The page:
Nursery Management

Communicating with customers

  • Communicating with customers

We need to pay close attention to how we convey information if we are to communicate effectively with parents and children, says Nicola Gibson…

Have you ever picked up a book only to find a crucial page missing? Frustrating as that may have been, you were probably able to piece together enough information to make sense of what was missing. However, not everyone finds information, or the lack of it, so easy to understand.

Provision of clear, good-quality ‘information’ makes our lives easier and is generally productive for both the provider and recipient. In the retail industry, the provision of effective tangible and subliminal information is considered to be so important that a considerable amount of time and money has been spent on making improvements to both. The historic ‘pile it high and get them in’ attitude has mostly disappeared, replaced with a much more welcoming approach. Changes to frontage, layouts, décor and signage, and the provision of well-ordered, attractive displays and assistive communication have helped with customer understanding and engagement. The investment and improvements in the industry have paid off because the retail sector is now one of the most important and thriving parts of the UK economy.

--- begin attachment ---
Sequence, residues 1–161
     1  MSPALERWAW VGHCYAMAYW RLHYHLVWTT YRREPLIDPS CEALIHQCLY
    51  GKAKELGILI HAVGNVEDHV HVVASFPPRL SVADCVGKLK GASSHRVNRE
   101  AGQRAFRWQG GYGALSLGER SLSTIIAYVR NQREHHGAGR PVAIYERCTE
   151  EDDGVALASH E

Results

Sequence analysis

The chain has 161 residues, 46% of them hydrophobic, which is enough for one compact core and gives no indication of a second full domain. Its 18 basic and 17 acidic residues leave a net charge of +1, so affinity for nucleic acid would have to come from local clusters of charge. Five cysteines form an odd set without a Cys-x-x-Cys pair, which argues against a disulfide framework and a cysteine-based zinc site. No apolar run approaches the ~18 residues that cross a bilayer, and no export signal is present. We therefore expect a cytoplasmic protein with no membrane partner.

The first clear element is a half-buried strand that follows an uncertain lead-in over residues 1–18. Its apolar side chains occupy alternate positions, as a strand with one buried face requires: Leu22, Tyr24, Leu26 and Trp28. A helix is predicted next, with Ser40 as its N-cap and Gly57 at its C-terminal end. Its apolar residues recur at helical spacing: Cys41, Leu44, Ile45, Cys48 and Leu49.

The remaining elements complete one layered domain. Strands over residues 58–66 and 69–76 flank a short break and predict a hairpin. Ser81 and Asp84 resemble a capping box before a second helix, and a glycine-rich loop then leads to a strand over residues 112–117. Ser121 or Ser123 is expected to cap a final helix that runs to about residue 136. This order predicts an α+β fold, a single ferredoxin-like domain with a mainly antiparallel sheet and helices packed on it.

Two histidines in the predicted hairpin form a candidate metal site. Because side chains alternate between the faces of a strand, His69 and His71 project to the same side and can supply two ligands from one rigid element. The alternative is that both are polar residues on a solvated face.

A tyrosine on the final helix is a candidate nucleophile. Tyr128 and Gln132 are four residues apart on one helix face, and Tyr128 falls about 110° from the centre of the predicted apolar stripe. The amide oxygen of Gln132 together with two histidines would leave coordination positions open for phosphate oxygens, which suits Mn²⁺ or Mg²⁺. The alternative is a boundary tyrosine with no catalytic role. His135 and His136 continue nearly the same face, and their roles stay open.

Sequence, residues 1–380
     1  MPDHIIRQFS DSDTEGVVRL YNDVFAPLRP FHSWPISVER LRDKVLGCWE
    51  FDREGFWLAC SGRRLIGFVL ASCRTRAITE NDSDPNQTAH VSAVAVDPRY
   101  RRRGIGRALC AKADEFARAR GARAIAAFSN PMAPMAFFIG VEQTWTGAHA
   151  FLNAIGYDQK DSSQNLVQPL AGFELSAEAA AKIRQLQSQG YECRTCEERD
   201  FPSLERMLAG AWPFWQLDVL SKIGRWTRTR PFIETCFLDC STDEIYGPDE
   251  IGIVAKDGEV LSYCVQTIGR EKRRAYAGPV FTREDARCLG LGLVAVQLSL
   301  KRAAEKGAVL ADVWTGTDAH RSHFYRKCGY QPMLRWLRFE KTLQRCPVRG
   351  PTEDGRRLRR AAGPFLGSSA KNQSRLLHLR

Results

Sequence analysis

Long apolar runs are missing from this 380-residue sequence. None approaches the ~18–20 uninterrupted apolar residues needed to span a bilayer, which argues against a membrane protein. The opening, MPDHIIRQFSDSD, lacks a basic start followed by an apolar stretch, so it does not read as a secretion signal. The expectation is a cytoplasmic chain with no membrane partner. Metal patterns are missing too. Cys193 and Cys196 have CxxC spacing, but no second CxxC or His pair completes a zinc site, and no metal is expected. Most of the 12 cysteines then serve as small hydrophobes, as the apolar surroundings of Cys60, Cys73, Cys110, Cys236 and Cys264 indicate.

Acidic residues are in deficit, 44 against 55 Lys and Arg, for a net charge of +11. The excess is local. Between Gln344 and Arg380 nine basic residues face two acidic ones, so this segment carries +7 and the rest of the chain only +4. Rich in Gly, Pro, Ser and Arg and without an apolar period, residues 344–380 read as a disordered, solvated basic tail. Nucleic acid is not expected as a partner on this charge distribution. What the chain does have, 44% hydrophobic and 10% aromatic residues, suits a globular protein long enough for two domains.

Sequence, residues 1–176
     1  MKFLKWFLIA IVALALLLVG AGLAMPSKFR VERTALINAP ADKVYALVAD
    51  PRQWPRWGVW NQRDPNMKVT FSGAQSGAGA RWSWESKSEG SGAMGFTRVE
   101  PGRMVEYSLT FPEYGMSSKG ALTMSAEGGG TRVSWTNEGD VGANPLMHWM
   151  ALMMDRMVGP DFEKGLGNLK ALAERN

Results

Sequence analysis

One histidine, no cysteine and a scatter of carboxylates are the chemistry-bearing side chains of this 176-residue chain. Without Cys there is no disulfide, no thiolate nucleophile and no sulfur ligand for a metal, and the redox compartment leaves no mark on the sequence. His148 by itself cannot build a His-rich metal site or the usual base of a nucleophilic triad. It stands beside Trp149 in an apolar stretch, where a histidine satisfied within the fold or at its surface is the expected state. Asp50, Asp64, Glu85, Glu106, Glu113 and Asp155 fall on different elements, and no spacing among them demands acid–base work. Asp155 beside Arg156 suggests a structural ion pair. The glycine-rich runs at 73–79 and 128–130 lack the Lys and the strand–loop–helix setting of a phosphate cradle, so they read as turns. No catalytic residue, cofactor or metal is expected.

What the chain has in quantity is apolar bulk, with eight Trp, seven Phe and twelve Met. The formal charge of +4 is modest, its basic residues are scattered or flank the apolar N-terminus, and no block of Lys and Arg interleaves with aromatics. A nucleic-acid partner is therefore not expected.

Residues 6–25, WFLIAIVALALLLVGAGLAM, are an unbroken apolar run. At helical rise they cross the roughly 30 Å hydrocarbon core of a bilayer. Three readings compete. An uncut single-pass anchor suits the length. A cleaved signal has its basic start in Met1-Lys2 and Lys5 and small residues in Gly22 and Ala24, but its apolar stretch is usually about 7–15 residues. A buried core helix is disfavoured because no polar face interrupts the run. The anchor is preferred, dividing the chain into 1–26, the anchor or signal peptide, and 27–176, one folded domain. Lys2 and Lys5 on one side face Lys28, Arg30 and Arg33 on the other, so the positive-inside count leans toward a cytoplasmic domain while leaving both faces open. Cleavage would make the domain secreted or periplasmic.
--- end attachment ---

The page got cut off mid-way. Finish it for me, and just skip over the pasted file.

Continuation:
In many ways the early years sector could benefit from taking elements of this approach and using it in early years environments because the aim to improve understanding and encourage engagement is much the same. This is especially relevant if the early years environment presents both psychological and physical barriers to parents and children that struggle with communication.


Tina took her son Glen along to the local preschool to register him for a place in the setting. Although Tina was initially apprehensive about going, her health visitor reassured her that the staff in the setting would be friendly, and that Glen would benefit from attending. Much to Tina’s relief the health visitor was right because as soon as Tina entered the building, a member of staff warmly welcomed them both. She invited Tina to wait in the reception area for a few minutes until the manager was free to see her and Glen.